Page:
To learn this, my therapist had me jog with a metronome until I had the beat fixed in my head. These short quick strides kept me low to the ground, reducing the usual pounding from running. Giving my back and hips a break. My walk stride was also quick short steps. NOT a broad reach, because it would aggravate my hamstring. Not so fast that my hips were rocking. I felt so much better when I’d be done with a wog than my old runs. Don’t get me wrong! The 13 mile training wogs were exhausting by the end. You’re not just plodding along on the walk portion. But my body recovered so much faster and I didn’t have the aching, painful jarring of runs. My knees wouldn’t throb. My back disk stayed calm.

During the actual Ironman race, I waited until I came back from the 112-mile bike ride to assess how my legs felt. The wind on the bike ride had emptied my legs pretty good. I also knew I had double the distance of any of my training wogs still ahead of me. I decided to flip my usual recipe and start with a 3 minute walk, 1-2 minute jog, and see how I felt after the first 5 miles or so. It turned out to be a pace I could keep just under 15 minute miles without worrying about finishing the run. How’d I pick those numbers? Honestly, I grabbed them out of the air in a moment of need. Coming out of the transition form the bike, I just told myself, get out there and start something. See what happens.

Keep in mind, speed was not my goal. I just wanted to finish before the 17 hour deadline. I recalculated along the race-course to assure myself I was on track, knowing I would likely slow down toward the end. Somewhere around mile 20, my body did start to tire out, and my miles started clocking in around 17 minutes. The key was to not stop, not give up, and NOT change my 3 minute-1-2 minute pattern. Not shrug off a run section.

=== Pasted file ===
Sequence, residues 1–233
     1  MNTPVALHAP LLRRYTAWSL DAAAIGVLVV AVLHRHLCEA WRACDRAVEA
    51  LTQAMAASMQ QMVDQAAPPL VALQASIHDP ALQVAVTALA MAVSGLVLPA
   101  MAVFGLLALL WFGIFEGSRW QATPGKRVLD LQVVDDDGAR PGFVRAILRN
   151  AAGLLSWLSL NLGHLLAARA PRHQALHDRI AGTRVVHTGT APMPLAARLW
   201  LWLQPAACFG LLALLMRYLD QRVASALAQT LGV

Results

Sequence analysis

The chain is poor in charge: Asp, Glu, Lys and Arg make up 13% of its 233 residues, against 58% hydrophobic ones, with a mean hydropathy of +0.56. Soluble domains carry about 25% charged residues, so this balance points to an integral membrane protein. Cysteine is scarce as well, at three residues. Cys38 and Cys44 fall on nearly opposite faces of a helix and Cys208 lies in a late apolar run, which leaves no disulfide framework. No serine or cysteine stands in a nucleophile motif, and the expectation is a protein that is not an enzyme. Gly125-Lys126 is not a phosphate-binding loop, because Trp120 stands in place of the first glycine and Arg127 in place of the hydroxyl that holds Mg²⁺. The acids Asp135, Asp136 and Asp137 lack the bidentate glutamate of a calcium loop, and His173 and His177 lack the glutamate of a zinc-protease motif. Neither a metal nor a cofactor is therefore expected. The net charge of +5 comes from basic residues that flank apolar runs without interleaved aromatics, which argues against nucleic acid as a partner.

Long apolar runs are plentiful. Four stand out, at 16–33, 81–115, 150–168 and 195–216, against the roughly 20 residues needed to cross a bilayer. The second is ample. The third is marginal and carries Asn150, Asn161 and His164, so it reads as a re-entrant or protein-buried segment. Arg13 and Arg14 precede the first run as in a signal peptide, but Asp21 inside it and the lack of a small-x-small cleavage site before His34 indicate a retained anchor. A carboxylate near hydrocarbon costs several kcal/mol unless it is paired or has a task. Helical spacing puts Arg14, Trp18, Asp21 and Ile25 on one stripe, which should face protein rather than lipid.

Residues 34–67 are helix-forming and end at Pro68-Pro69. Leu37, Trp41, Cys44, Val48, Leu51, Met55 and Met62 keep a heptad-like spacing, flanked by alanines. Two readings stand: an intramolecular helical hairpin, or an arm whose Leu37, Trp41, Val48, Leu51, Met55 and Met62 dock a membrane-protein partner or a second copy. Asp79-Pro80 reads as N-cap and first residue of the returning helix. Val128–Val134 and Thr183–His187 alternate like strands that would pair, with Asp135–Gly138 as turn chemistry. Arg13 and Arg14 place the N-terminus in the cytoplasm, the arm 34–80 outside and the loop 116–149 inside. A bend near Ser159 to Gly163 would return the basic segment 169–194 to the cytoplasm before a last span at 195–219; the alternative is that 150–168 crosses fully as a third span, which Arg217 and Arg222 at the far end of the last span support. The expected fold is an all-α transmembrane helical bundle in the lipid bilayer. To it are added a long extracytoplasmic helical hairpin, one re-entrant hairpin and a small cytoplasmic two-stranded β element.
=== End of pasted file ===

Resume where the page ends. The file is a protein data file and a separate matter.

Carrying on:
I passed a lot of people at Ironman using my walk-jog.

During my walk segments, many runners jogged past me, only to get passed by me when they burned out to a slow walk. By mile 16-18, I was clearly re-passing them over and over. A couple of them started letting me know how many times they remember me passing them, and were impressed by the pace I was keeping at the walk. Compared to their tired walk, my quick foot turnover had had me going at a pretty good pace.

By mile 20, I passed some of them for good.

Wogging Saved My Race. Literally. 

Two runners in a race, jogging between wogging moments

I can tell you, when I crossed that finish line and was given the title Ironman, I was as proud as I would have been if I had jogged the whole course. Actually, if I had jogged it, I probably would not have finished. I would have hit a wall of exhaustion and pain long before the finish line. In fact, I would not have even made it to the start line, because my body could not have taken all the pounding during training.

I am in no way an expert in this run-walk method. I am just always looking for a way around the “no’s” in my life. Like, ‘no, you can’t do Ironman because of your injuries.” My first response to something like that is, “oh, yeah? Watch me!”

I am a firm believer that adding walking of some kind into your runs ( or in my case jogs), can really help people finish big goals, such as half or full marathon and even Ironman. I love that wogging allowed me to finish one of the biggest goals in my life and not end up injured.

If you want to learn more about folks that have tried run-walking, I would suggest this article from Runners World: . If that inspires you to want to learn more, check out Jeff Galloway’s website at .

For more tips on training for an Ironman, see my other posts here.

Happy Wogging!